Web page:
- 57% of Americans say United Nations doing "poor" job
- Little change over the last three years
- Democrats much more positive about the UN than Republicans
PRINCETON, N.J. -- Although there is no shortage of threats to peace and security around the world today, Americans do not see the United Nations doing any better at solving the problems it has had to face than has been the case in recent years. The majority of Americans continue to say the UN is doing a poor job, while slightly more than one-third say it is doing a good job.
The latest update on these attitudes is from Gallup's Feb. 8-11 World Affairs survey. Gallup first asked about the United Nations in 1953, eight years after the UN officially came into being in October, 1945. In the December 1953 survey, 55% of Americans said the UN was doing a good job, while 30% said it was doing a poor job. This positive reaction may have partly reflected the United Nations' role in the Korean War, which ended a few months earlier in July. Ratings of the UN have varied substantially in the decades since, reaching a high of 58% shortly after the 9/11 terrorist attacks, and a low of 26% in February 2009.
Outside of the first reading in 1953, more than half of Americans have given the UN a good rating in only two periods: surveys conducted in 1990 and 1993 -- before and after the first Persian Gulf War -- and in each year from 2000 to 2002. Americans' views of the UN soured in 2003 and have remained relatively low ever since. This drop, at least initially, may reflect the disagreements between U.S. leadership and the United Nations over the U.S. invasion of Iraq.
An average 39% of Americans have rated the job the UN is doing as "good" since Gallup began asking the question 62 years ago, putting the 35% reading over the past three years just below average.
Americans from different partisan persuasions see the United Nations in significantly different ways. Democrats are more than twice as likely as Republicans to say the UN is doing a good job. Democrats are also the only political group to view the UN positively, with 52% saying the UN is doing a good job, compared with 28% of independents and 25% of Republicans.
This partisan split in attitudes toward the United Nations is not new. Republicans' and Democrats' views of the UN have fluctuated over the past 14 years since Gallup began asking the question on an annual basis, but the gap between the two parties has persisted.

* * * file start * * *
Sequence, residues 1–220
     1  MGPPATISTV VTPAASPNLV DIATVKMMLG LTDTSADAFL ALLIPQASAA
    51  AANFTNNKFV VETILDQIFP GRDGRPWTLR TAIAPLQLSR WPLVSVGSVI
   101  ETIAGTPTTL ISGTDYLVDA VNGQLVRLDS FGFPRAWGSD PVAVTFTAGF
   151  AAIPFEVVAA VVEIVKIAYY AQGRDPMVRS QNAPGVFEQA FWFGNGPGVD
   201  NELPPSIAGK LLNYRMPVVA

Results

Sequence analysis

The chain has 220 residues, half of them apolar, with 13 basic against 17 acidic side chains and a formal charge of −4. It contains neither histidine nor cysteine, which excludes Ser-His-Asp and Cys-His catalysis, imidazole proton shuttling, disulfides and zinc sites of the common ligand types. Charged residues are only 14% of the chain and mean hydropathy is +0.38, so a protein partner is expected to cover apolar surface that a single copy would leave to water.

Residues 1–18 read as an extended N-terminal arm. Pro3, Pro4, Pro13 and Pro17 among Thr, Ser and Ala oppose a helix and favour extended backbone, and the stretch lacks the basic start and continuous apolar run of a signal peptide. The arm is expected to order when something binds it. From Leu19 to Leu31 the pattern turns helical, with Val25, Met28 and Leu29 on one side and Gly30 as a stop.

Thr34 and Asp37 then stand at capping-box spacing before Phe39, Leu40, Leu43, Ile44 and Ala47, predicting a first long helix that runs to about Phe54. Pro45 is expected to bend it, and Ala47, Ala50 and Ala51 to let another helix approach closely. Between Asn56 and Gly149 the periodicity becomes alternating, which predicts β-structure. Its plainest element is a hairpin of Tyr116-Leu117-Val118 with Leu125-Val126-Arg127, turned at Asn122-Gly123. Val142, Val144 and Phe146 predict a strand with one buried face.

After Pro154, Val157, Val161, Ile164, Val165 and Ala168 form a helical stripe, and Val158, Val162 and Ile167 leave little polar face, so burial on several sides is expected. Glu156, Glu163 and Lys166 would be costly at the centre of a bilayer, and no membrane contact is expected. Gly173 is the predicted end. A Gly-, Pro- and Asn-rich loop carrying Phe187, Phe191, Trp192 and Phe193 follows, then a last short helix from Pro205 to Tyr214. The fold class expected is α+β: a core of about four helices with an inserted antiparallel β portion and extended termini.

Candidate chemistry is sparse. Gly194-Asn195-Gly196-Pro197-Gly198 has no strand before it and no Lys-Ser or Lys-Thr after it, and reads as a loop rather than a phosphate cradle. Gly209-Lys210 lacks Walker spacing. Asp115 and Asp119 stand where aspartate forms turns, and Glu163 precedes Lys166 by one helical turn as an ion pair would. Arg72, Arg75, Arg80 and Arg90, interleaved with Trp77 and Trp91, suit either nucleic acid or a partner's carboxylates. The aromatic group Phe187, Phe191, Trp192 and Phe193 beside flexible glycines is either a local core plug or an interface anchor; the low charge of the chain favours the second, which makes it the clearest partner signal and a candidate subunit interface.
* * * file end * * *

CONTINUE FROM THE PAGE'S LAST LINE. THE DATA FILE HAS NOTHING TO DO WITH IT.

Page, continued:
The charter of the United Nations states that the purpose of the body is to maintain "international peace and security" and "to take effective collective measures for the prevention and removal of threats to the peace, and for the suppression of acts of aggression or other breaches of the peace …" There is certainly no shortage of situations where the United Nations could play a role, including fighting in Ukraine, Africa, the Middle East, Syria, Iraq and Afghanistan -- but few notable examples of the United Nations taking steps that reduced any of this violence.
Because the wording of Gallup's question asks about the job the UN is doing "in trying to solve the problems it has had to face," the persistence of these world conflicts, wars and often bloody disputes helps explain why Americans tend to say the UN is doing a poor job. In the few instances where Americans have approved of the international body, it has been at times when the United Nations has approved a U.S.-led response to an international crisis, such as the Persian Gulf War.
Many international crises today are not the traditional country-against-country conflicts that typified the wars that preceded the UN's founding, but actions by groups that operate across borders and that have no specific national identity. This may make it more difficult for the UN to actively intervene or remove these "threats to the peace," and may help explain why the UN has been not as actively in the forefront of attempts to address these conflicts. Furthermore, much like Americans' dislike of gridlock in Congress, the UN's inability to come to one mind concerning major problems may further discredit it in Americans' eyes. Whatever the reason, the majority of Americans continue to give the United Nations a poor grade at this juncture in history.
Results for this Gallup poll are based on telephone interviews conducted Feb. 8-11, 2015, on the Gallup U.S. Daily survey, with a random sample of 837 adults, aged 18 and older, living in all 50 U.S. states and the District of Columbia. For results based on the total sample of national adults, the margin of sampling error is ±4 percentage points at the 95% confidence level. All reported margins of sampling error include computed design effects for weighting.
Each sample of national adults includes a minimum quota of 50% cellphone respondents and 50% landline respondents, with additional minimum quotas by time zone within region. Landline and cellular telephone numbers are selected using random-digit-dial methods.
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